Just before and soon after the founding of Independence in 1827, many other towns sprang up along the river and bid for public attention. The first of these, of course, was Sibley, because it sat in the shadow of Fort Osage.
The fort was a small one as far as forts go, but was located on a commanding bluff with a spectacular view of the Missouri River in both directions. The place had been designated “Fort Point” by Lewis and Clark on their famous expedition up the Missouri shortly after the consummation of the Louisiana Purchase. Upon its completion, the fort was renamed “Fort Clark” in honor of Captain William Clark, who oversaw the construction. Then, later on down the road it was, once again, changed to “Fort Osage” in honor of the Great Osage Nation on whose territory the fort was located.
The fort was constructed in 1808. This was just four years before any part of the continent was known as Missouri, and only four years after the Louisiana Purchase. The fort, therefore, was erected not in Missouri, but in upper Louisiana, the name by which our part of the country continued to be known until after the declaration of the War of 1812. One week and one day after congress declared the War of 1812, congress created the Territory of Missouri.
Fort Osage was occupied by one company of United States soldiers under the command of Captain Clemson. The fort was also occupied by a stock of government goods suited to barter with the Osage neighborhood. This stock of goods was under the care and management of Maj. George C. Sibley, government factor. The sole purpose of the fort and of the soldiers was to protect the government storehouse. The fort was under siege a time or two by the Osage, but was never intended to figure into the military history of our country.
The fort and trading house was dismantled in 1827, the same year as the founding of Independence. It was abandoned when Cantonment Leavenworth was established as the new military center of the West.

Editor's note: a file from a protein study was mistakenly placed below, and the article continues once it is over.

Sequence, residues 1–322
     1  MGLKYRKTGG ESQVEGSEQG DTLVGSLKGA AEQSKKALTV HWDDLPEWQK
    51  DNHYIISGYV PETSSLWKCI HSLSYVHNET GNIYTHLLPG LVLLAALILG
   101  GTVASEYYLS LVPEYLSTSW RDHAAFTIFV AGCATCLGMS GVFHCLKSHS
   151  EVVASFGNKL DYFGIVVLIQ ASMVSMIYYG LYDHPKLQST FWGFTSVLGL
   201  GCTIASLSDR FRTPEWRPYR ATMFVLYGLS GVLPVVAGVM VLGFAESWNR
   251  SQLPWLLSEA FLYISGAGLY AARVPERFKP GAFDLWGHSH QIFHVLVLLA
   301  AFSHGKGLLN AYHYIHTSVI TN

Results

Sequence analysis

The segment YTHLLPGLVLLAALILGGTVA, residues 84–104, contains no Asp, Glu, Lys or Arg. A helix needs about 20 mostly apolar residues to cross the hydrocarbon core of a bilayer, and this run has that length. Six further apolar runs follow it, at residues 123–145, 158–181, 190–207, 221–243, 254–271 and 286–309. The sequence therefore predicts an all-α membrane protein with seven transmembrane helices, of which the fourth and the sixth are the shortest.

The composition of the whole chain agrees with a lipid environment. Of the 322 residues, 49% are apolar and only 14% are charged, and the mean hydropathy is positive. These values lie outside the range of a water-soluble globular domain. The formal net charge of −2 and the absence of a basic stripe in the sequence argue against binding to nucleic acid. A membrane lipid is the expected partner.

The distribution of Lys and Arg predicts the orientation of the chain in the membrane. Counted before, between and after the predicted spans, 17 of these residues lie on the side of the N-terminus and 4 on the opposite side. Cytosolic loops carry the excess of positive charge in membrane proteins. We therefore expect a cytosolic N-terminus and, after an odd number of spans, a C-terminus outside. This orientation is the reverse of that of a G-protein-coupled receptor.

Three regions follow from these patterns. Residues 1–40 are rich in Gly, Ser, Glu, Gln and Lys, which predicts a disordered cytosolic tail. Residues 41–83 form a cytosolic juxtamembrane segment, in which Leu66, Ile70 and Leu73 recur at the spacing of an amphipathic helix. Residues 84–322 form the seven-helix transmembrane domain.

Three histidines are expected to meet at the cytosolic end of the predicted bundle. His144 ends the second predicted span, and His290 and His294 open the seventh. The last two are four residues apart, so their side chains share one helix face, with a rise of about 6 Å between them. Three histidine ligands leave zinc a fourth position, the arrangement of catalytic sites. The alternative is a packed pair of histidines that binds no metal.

Even though Independence was an ambitious upstart, it never-the-less remained an unpromising, sleepy, dull, almost silent little village for the first year or so of its existence. But, the place did have a few things going for it, namely, it was designated the county seat and it was on the Santa Fe Trail, it had 16 major fresh water springs around the square, and was only 3 miles from the river. The original Santa Fe trailhead was down river at Franklin, near Boonville, but a raging flood wiped the town off of the face of the map and that trailhead soon moved up river to Independence. Presently, Aull and Company of Lexington established a store in Independence and carried such goods and supplies as those bound for the mountains or for Santa Fe might require. Independence henceforth was no longer a sleepy, one horse village.
Page 2 of 2 - The assembling here of mountain hunters, fur traders and trappers, the trains of pack mules and covered wagons, Mexican traders and returning Missourians from Santa Fe with bags of silver, cowboys and bands of Indians all mingling and mixing together, fighting and drinking, afforded no time, day or night, for Independence to go back to sleep. It soon became the first of the “Wild West” towns that cowboy folklore was built around.
Most of the covered wagons that went out the California, Oregon and Santa Fe trails were built in Independence, so there were many wagon shops and blacksmith shops around the square along with taverns and saloons.
By all accounts, it was a rough and tumble place with much confusion and lots of money to go around.
Reference: “The Centennial History of Independence, Missouri” by W.L. Webb
The Jackson County Historical Society once again sponsors “Ghost Tour” with Ted Stillwell riding tailgate on Ralph Goldsmith’s covered wagon each Friday night in the month of October as the two men tell historical ghost stories around the Independence Square. They depart on the hour from the 1859 Jail on North Main Street.
To reach Ted W. Stillwell, send an email to email@example.com or call him at 816-252-9909.